The Iraqi Governing Council’s approval of an interim constitution is a major achievement. The document, known as the Transitional Administrative Law, provides for a democratic governing framework, a bill of rights, and an independent judiciary. It also paves the way for a permanent constitution and free elections to choose Iraq’s leaders.
Abdul Aziz al-Hakim, a Governing Council member and Shiite leader, says that Iraqis “are a unified people, and there are strong ties between the Sunnis and the Shiites. There are strong ties between the Arabs and the Kurds, between the Muslims and the non-Muslims and between all the different sects in Iraq.” Iraqis, says Mr. Hakim, “will not step away from our responsibilities, and we will stay on until this process is finished and we will not stop.”
Now that the Transitional Administrative Law is in place, Iraqis can proceed with the plan to establish an interim government to take over on June 30th. Dan Senor, senior adviser to the Coalition Provisional Authority, says the plan is “to establish a caucus-chosen interim government”:
“It’s a complex plan. . . . And the reason it is complex is we are trying to hand over sovereignty to a governing body that will be viewed as legitimate and credible in the eyes of the Iraqi people, but is indirectly elected. And it is often hard to strike the right balance between credibility and indirect elections -- indirect accountability, if you will.”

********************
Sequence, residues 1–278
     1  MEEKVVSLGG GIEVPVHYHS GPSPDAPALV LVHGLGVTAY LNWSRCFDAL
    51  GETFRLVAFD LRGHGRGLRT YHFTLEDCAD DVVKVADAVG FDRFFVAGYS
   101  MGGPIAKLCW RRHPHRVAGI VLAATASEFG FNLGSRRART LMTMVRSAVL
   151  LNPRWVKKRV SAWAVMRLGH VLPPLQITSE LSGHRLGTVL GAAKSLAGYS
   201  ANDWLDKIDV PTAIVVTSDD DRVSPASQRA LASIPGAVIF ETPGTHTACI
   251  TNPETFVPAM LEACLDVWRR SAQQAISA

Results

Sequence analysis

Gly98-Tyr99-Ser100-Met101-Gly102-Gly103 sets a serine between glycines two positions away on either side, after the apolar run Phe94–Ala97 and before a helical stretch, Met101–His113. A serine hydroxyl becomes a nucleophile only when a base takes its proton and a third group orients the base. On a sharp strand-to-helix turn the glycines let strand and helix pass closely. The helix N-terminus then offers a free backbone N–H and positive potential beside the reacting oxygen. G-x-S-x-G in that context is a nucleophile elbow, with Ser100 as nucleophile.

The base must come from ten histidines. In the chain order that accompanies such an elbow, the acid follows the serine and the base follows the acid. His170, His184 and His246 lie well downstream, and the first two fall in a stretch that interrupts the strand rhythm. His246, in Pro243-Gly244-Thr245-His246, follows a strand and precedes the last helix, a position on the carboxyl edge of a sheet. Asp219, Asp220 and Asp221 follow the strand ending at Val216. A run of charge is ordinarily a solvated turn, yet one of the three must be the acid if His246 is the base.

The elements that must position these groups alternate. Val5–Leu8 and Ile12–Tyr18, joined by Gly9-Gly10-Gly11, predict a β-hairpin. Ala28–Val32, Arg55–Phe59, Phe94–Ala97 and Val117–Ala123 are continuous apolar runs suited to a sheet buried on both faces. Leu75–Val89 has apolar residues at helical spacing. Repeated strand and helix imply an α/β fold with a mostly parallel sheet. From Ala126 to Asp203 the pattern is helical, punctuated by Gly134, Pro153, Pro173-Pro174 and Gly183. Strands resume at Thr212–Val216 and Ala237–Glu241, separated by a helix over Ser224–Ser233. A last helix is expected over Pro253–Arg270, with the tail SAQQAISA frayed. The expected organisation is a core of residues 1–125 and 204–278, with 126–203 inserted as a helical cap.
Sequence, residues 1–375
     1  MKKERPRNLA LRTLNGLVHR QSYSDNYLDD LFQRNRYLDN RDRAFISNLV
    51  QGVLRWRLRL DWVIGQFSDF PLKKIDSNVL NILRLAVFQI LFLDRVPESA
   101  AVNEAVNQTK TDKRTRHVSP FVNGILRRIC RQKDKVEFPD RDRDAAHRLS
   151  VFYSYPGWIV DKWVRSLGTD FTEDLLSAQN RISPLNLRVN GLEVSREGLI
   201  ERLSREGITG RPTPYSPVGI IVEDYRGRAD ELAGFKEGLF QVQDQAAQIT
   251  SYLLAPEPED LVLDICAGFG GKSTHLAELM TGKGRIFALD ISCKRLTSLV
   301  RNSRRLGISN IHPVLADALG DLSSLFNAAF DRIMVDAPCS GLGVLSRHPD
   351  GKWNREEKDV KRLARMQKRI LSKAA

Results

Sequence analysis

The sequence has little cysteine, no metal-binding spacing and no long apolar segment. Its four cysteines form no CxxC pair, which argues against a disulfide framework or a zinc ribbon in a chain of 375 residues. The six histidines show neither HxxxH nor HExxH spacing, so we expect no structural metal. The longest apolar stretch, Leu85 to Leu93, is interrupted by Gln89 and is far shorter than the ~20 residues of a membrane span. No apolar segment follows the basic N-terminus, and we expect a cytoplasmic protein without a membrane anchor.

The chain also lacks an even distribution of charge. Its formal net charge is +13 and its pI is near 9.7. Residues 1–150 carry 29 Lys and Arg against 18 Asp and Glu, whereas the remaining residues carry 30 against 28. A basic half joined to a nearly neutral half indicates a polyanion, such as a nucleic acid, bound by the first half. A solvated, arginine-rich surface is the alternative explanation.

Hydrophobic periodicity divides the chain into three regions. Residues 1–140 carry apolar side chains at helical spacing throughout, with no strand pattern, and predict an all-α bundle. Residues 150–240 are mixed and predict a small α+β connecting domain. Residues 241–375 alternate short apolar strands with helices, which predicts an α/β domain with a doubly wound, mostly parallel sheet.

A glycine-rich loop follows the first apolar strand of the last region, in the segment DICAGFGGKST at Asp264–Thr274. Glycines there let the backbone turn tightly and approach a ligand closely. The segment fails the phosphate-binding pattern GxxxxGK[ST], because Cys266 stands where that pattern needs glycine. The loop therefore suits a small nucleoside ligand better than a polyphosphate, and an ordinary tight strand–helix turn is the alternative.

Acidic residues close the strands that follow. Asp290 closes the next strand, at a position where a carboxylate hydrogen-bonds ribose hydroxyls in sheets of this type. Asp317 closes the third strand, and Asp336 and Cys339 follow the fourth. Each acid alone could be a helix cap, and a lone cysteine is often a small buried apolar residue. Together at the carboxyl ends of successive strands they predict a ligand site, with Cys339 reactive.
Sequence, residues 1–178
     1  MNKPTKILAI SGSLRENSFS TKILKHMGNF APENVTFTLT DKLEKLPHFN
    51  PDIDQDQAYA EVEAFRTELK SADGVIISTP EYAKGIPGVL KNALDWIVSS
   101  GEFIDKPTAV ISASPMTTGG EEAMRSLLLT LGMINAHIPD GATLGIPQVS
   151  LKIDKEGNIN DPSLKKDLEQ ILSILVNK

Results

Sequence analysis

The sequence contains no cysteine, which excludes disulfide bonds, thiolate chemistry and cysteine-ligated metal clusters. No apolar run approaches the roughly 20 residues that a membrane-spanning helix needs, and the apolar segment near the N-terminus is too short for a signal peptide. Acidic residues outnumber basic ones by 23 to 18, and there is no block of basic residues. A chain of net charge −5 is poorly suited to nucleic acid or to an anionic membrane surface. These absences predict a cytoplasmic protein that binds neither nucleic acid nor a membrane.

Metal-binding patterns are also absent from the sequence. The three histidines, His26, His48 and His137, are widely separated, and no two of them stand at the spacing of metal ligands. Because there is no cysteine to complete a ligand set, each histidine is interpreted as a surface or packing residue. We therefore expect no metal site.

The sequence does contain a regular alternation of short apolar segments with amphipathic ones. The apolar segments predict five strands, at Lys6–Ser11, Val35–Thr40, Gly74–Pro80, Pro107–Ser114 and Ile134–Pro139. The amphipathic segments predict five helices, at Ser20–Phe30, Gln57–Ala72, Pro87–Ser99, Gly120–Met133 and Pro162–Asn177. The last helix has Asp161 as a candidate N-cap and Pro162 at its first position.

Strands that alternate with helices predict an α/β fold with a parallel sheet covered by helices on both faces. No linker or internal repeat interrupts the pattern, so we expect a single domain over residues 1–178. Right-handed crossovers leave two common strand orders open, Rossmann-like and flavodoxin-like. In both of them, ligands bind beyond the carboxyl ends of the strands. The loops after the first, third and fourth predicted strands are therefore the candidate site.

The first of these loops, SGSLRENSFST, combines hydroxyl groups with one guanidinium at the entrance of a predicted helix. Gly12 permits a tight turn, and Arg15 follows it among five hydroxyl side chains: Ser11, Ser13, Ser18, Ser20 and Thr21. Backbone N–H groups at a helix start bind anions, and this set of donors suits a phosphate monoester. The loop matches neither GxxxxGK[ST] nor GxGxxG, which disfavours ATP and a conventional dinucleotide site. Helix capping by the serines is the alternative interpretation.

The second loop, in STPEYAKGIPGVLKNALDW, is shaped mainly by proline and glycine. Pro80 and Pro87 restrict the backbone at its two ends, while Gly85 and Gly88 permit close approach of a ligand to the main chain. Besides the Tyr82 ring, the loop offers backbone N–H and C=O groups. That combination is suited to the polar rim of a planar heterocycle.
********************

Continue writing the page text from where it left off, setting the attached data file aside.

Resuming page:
The U.S. and the United Nations both have said that direct elections in the next several months would be technically difficult to manage, if not impossible. Iraq has no voter rolls, no political party laws, and there has been no national census in twenty-years. Mr. Senor says that while work is underway to choose an interim government through a series of caucuses, the U.S. has “made clear all along that [it] would be open to clarifications”:
“We are welcoming the input of individuals and organizations that have expertise in the area, particularly the United Nations, which has issued a very helpful report on this particular issue in terms of next steps.”
The Iraqi Governing Council, the Coalition Provisional Authority, the U-N, and others are now working to make Iraqi’s transition from dictatorship to democracy as smooth as possible.